Tests have shown that electroscopic powders forming the image in the manner as recited above are capable, when the adhesive material is activated, of bonding with both the master sheet and the transferable color-producing layer of a transfer sheet with sufficient tenacity to overcome the cohesive properties of the transfer layer, and that when a master sheet and transfer sheet having an electrostaticallyformed image on one of the sheets are superposed and bonded by the image powders, the transfer layer will transfer to the master sheet in image form when the sheets are separated.

According to the present invention, after the image is formed electrostatically with the latent adhesive imageforming material, it may be applied either to the transfer layer of a hectograph transfer sheet or to the surface of a master sheet, and in either event the two sheets are then brought together in face-to-face contact so that a bond is formed between the transfer layer on the transfer sheet, the activated adhesive image and the surface of the master sheet. The image having been made actively adhesive adheres tenaciously to the master sheet and to the transfer layer on the transfer sheet with the result that when the sheets are stripped apart, those portions of the transfer layer which are bonded by the adhesive image to the master sheet come away from the transfer sheet and remain on the master sheet, which is then ready to be used in the usual manner as a hectograph master.

In the event that it is desired first to apply the latently adhesive image to the master sheet, then it will be necesary to use a reversing lens or mirror setup in the Xerox machine so that the images formed on the selenium plate will be in positive. Upon transfer to the master sheet, the images become reversed so that direct-reading copies may be produced in the hectograph duplicating process.

After the image is picked up from the electrostatic plate by the master sheet, the adhesive may be activated before or while the master sheet and transfer sheet are brought into intimate contact. In the event the image is first applied to the transfer sheet from the electrostatic plate, a reversing lens is not necessary and the activation of the adhesive may be delayed until after the master sheet and transfer sheet are superposed.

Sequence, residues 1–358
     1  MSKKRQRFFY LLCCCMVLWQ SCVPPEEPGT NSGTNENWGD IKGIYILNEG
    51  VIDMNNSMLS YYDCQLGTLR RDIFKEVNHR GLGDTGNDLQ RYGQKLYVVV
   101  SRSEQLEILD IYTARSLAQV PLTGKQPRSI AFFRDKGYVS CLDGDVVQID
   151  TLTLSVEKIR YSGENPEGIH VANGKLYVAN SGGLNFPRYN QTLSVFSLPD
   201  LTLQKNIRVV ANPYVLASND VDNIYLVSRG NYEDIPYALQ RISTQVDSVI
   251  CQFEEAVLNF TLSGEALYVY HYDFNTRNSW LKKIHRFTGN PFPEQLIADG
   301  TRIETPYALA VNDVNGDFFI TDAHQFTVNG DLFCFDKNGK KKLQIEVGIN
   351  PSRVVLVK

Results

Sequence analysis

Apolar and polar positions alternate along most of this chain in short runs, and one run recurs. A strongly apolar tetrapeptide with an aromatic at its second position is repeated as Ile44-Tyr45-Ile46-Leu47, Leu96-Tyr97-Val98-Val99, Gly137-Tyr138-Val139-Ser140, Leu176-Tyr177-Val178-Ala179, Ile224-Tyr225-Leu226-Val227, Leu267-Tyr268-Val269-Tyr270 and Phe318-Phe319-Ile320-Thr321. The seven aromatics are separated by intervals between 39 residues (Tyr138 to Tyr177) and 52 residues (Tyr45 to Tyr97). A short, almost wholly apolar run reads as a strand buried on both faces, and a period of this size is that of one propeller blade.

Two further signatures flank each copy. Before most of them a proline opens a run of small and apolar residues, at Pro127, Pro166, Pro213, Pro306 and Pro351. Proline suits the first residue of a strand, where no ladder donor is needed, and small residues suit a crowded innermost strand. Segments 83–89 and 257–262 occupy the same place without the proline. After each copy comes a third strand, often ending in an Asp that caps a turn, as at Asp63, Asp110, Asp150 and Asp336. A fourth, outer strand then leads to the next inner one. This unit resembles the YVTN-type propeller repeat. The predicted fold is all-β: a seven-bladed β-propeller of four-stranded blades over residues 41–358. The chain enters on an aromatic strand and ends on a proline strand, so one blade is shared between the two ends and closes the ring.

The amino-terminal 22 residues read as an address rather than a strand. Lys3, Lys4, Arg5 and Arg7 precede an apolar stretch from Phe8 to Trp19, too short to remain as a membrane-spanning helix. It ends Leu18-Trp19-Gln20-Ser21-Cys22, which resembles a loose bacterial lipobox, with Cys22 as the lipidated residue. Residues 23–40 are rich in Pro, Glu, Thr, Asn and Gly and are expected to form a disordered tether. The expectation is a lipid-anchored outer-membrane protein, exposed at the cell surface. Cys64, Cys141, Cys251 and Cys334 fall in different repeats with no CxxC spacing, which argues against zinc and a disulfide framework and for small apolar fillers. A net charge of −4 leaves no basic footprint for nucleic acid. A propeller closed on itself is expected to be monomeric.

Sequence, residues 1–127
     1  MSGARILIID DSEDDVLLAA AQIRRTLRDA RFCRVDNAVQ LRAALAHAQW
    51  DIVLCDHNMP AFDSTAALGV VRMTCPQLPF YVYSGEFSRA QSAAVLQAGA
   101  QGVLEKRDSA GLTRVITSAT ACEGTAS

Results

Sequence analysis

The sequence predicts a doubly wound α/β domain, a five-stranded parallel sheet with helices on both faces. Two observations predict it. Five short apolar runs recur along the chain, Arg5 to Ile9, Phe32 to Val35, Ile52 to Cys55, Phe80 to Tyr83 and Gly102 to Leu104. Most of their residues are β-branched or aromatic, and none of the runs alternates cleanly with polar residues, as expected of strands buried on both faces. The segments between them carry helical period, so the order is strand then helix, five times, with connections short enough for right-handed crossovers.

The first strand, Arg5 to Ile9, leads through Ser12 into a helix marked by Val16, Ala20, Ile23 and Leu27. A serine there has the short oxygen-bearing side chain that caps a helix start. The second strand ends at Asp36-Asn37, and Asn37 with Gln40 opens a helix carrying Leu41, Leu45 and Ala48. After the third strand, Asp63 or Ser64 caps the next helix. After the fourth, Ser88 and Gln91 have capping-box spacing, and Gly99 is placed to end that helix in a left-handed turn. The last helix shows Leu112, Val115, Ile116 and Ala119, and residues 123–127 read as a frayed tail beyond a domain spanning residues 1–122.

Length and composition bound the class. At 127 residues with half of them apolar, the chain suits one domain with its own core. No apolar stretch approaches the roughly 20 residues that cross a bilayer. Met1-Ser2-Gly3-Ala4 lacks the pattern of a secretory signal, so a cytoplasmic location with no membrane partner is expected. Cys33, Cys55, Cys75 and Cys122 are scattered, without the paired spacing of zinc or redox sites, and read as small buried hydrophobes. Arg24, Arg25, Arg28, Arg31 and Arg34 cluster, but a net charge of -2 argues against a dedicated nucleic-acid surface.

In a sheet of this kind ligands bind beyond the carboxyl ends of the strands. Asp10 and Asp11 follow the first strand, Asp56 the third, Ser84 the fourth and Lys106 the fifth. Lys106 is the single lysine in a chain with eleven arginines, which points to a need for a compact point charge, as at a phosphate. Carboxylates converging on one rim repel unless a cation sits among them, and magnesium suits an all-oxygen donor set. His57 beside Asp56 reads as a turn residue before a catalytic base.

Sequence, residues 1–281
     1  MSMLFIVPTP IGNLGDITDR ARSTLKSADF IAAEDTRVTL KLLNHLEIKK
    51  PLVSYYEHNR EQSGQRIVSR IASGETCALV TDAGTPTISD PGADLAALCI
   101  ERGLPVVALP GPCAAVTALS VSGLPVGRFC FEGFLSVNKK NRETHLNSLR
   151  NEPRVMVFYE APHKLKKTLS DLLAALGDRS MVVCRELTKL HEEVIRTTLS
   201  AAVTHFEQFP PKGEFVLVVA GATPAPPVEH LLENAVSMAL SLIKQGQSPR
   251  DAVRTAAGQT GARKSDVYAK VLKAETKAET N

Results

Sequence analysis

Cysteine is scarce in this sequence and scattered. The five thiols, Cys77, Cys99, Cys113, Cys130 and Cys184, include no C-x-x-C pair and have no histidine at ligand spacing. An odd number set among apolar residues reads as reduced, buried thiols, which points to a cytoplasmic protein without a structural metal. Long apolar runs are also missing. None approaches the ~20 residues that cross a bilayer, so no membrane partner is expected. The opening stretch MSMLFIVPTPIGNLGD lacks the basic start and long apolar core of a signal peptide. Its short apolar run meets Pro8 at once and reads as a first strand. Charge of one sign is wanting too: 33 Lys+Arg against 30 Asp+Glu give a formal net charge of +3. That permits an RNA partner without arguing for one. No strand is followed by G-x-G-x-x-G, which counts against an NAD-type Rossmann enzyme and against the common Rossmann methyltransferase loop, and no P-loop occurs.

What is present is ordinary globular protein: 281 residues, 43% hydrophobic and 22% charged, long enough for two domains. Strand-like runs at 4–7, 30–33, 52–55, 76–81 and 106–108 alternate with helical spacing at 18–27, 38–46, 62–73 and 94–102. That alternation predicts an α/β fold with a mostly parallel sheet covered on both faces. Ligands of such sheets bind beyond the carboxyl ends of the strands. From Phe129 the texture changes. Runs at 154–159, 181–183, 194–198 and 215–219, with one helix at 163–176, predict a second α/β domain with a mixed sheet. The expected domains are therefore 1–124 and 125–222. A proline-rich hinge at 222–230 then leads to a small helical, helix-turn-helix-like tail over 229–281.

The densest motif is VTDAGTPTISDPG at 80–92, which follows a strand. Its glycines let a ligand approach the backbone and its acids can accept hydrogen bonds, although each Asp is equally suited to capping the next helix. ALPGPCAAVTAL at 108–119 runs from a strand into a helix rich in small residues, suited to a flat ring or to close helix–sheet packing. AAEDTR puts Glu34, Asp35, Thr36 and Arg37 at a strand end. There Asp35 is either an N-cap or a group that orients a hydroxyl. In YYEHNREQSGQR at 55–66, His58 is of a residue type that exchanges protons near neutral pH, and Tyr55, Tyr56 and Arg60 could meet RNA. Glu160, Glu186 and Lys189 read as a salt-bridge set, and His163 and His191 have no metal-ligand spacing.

One method of activating the electroscopic powder resin images involves placing the resin image-carrying sheet, whether it be the master sheet or the transfer sheet, together with the respective transfer sheet or master sheet over a heating element and applying slight pressure thereto with an overlying felt cushion, sponge or the like. Pressure is maintained for a period of between about and 20 seconds while the temperature is kept between about 130 and 250 F.

Another important method utilizes the fact that when conventional xerographic electroscopic powders are employed, they absorb infrared radiation and convert it to heat due to the fact that they contain pigments such as carbon black. Therefore the master sheet and the transfer sheet, one of which bears the electroscopic powder images, are brought into intimate contact and subjected to an infrared-radiation source, such as an infrared emitting bulb in a Thermo-Fax machine; in this manner, the thermoscopic images absorb the infrared radiation, convert it to heat and become tacky. At the same time, the physical heat generated by these images beats and softens the hectograph layer in contact therewith in areas corresponding to only the imaged areas. Upon removal from the radiation source and separation of the sheets, an excellent hectograph master sheet is provided. Due to the combined factor of the electroscopic powder image becoming tacky and the corresponding areas of the hectograph transfer layer becoming heat-softened, a substantial amount of the hectograph layer is picked-off the transfer sheet and adheres tenaciously to the electroscopic images which are bound firmly to the hectograph master sheet.

Several other important features of this invention, which will be more fully pointed out below, concern the provision of novel and improved transfer sheets particularly adapted for use in the above process, and also certain improvements in the master sheets to be used in the above process which are directed to the end that the relative adhesion and cohesion of the respective parts is such that efficient and effective transfer and bonding is obtained.

Additional features and advantages will hereinafter appear as the description proceeds.

In the drawing:

FIGURE 1 is a diagrammatic perspective illustrating the electroscopic powder image formed on a plate with a transfer sheet being placed thereon.

FIG. 2 is a diagrammatic perspective illustrating the electroscopic powder image adhered to the transfer sheet when the transfer sheet is separated from the plate.

FIG. 3 is a diagrammatic perspective illustrating the completed image including the transfer layer bonded thereto on the master sheet after the transfer sheet has been stripped from the master.

FIG. 4 is a diagrammatic section of the transfer sheet illustrating the electroscopic powders in image form adhering to the transfer layer.

FIG. 5 is a diagrammatic section illustrating the completed image including the transfer layer bonded to the master sheet.